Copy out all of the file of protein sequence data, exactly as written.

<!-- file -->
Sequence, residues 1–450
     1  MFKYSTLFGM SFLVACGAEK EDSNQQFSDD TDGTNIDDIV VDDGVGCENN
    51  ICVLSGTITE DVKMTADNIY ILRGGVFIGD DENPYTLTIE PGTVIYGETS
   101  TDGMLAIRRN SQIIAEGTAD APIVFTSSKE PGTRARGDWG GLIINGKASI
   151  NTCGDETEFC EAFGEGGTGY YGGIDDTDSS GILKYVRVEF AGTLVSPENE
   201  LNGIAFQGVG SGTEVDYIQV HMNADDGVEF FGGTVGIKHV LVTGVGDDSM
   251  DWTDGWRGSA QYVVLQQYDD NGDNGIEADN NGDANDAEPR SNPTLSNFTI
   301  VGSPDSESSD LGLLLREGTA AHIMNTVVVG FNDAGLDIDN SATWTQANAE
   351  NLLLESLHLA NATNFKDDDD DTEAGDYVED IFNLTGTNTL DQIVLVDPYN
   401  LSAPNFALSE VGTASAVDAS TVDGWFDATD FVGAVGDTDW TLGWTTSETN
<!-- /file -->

Sequence, residues 1–450
     1  MFKYSTLFGM SFLVACGAEK EDSNQQFSDD TDGTNIDDIV VDDGVGCENN
    51  ICVLSGTITE DVKMTADNIY ILRGGVFIGD DENPYTLTIE PGTVIYGETS
   101  TDGMLAIRRN SQIIAEGTAD APIVFTSSKE PGTRARGDWG GLIINGKASI
   151  NTCGDETEFC EAFGEGGTGY YGGIDDTDSS GILKYVRVEF AGTLVSPENE
   201  LNGIAFQGVG SGTEVDYIQV HMNADDGVEF FGGTVGIKHV LVTGVGDDSM
   251  DWTDGWRGSA QYVVLQQYDD NGDNGIEADN NGDANDAEPR SNPTLSNFTI
   301  VGSPDSESSD LGLLLREGTA AHIMNTVVVG FNDAGLDIDN SATWTQANAE
   351  NLLLESLHLA NATNFKDDDD DTEAGDYVED IFNLTGTNTL DQIVLVDPYN
   401  LSAPNFALSE VGTASAVDAS TVDGWFDATD FVGAVGDTDW TLGWTTSETN